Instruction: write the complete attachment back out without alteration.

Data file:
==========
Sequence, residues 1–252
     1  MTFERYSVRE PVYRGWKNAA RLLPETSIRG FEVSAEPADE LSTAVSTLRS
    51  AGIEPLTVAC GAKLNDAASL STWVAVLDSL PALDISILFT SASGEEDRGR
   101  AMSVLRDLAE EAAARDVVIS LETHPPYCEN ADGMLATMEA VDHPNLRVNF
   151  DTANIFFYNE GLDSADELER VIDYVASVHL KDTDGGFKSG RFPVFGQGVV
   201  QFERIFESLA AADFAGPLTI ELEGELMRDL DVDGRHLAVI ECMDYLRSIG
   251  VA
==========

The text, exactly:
Sequence, residues 1–252
     1  MTFERYSVRE PVYRGWKNAA RLLPETSIRG FEVSAEPADE LSTAVSTLRS
    51  AGIEPLTVAC GAKLNDAASL STWVAVLDSL PALDISILFT SASGEEDRGR
   101  AMSVLRDLAE EAAARDVVIS LETHPPYCEN ADGMLATMEA VDHPNLRVNF
   151  DTANIFFYNE GLDSADELER VIDYVASVHL KDTDGGFKSG RFPVFGQGVV
   201  QFERIFESLA AADFAGPLTI ELEGELMRDL DVDGRHLAVI ECMDYLRSIG
   251  VA